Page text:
Systems biology is one step closer

In this outstanding work, Karr and colleagues describe the first computational model of an organism and set up grounds for future developments in systems biology. 

One of the key challenges in modern biology is to model an organism as a whole. Doing this will enable us to predict an organism’s responses to certain conditions (e.g. exposure to drugs, gene modifications, or environmental conditions). Therefore, such a holistic approach will have a tremendous impact both in medicine and biotechnology. To model an organism requires a deep understanding not only of all pathways taking place but also of the inter-relationships between them. The work carried out by the scientific community to achieve this goal has been hampered for many years by the little knowledge extracted from experimental methods and the lack of a suitable computational approach. However, recent advances in high-throughput methods and in both software and hardware development have enabled us, for the very first time, to tackle this question with a stronger confidence.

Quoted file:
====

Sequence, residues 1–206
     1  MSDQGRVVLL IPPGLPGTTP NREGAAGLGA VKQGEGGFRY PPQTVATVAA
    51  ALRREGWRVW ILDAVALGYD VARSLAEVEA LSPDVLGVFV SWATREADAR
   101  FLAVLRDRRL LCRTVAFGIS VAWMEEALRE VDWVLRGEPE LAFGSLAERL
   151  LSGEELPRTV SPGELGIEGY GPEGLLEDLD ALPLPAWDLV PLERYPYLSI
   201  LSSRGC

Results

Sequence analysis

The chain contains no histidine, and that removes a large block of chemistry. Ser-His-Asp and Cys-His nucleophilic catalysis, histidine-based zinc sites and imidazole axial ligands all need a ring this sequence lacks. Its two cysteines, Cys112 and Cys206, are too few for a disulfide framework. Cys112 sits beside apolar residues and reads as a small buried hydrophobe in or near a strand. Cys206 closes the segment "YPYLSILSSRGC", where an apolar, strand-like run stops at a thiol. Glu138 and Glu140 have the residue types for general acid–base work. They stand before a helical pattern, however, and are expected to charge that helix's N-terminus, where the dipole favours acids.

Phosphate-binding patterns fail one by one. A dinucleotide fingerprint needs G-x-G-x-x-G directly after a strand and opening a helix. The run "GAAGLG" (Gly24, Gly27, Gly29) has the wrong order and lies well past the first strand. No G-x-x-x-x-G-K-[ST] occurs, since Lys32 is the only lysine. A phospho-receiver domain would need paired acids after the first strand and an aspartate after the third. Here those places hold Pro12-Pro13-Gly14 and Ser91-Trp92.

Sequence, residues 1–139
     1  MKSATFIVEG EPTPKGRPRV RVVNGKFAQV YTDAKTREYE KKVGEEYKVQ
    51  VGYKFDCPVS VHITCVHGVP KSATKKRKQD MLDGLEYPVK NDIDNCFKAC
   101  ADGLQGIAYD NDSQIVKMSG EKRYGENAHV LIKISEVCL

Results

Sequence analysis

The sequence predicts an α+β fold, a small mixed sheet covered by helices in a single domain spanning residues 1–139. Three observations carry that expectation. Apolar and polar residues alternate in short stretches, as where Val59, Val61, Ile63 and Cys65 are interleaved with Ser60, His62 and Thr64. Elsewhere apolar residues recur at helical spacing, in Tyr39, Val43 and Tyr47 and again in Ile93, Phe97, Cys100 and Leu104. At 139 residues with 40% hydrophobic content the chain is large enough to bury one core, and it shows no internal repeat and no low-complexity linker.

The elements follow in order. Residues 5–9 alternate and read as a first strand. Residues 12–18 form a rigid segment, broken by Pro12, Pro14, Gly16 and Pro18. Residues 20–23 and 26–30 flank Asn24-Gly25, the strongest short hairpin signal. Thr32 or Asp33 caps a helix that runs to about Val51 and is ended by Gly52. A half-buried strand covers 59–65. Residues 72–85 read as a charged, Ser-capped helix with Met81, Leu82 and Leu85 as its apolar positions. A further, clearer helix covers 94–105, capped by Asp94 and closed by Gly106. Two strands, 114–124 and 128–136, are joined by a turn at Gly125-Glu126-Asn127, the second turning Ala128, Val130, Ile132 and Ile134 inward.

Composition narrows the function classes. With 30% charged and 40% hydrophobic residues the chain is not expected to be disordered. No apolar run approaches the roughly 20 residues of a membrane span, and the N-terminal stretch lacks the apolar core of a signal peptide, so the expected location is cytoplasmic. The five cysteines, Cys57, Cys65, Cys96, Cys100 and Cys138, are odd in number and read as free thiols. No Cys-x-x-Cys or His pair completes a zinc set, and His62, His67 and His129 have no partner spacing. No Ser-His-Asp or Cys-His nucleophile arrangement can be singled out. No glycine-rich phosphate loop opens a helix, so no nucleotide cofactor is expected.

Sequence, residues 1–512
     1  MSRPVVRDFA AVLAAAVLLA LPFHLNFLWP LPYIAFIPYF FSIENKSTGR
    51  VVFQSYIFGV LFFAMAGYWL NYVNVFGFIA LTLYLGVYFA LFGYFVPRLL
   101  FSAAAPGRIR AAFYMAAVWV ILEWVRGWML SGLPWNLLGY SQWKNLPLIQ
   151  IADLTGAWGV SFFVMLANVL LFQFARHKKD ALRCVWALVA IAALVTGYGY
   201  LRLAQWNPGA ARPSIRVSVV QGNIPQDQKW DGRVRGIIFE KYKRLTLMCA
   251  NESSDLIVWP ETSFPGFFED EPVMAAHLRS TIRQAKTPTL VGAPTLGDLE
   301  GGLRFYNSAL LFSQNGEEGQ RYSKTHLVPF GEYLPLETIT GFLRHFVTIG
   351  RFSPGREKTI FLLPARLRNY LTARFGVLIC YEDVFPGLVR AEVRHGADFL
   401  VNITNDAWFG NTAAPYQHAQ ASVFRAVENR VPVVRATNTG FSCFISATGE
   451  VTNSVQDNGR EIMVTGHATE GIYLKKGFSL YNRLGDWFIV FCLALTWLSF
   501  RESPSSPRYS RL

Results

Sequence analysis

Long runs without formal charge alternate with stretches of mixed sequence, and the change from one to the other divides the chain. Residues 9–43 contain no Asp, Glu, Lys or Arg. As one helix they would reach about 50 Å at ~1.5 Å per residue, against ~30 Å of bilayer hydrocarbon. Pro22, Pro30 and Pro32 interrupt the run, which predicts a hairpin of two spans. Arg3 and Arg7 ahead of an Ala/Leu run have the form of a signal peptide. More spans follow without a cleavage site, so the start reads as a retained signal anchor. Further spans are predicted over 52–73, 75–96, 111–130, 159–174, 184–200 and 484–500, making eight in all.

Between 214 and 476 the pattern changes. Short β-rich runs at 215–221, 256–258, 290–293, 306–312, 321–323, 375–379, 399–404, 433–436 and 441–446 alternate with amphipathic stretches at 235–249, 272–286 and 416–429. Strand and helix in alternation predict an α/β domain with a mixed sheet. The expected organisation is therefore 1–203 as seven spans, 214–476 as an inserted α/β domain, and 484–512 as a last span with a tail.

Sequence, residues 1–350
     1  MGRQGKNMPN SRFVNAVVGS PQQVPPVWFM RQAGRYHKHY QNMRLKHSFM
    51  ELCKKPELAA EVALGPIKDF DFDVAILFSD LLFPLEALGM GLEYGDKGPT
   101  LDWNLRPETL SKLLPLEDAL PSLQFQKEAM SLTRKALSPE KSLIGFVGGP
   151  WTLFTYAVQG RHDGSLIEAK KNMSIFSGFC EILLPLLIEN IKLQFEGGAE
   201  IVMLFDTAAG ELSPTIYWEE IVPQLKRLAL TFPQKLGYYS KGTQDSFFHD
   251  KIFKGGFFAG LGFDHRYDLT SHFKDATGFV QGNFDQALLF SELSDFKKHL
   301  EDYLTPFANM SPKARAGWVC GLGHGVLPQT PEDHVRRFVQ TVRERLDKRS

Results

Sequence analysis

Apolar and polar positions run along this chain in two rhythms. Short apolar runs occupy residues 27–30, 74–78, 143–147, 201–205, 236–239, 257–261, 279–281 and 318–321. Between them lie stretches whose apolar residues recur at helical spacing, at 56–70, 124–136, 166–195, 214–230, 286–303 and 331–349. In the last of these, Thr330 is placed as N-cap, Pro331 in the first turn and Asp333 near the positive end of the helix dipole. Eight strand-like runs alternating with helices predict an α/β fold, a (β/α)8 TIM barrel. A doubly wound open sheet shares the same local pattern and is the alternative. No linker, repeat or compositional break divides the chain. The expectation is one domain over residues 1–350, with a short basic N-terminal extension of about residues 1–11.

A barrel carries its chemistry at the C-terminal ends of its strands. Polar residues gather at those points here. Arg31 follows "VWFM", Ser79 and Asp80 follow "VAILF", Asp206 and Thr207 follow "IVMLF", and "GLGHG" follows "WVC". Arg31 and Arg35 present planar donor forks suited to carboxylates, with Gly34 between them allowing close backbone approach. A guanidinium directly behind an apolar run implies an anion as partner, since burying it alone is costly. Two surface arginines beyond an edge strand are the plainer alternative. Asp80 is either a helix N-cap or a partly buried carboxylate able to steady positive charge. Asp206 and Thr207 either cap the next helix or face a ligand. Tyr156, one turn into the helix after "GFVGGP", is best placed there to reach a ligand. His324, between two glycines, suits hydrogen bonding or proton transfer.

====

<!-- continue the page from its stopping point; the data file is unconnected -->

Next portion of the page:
These authors have simulated the cell cycle of 128 Mycoplasma genitalium cells (containing 525 genes) in a typical culture environment. For this, over 900 publications with more than 1900 experimental observations were considered. The total functionality of the cell was divided into 28 different sub-models (each pertaining to a particular biological process), which were assumed to be independent between themselves on short timescales but dependent in terms of variables determined by other sub-models, based on a given timescale. 

The obtained results correlate well with other experimental data not considered for the training of the model, providing new insights into the molecular understanding of this organism and demonstrating that it is possible to classify cellular phenotypes by their underlying molecular interactions.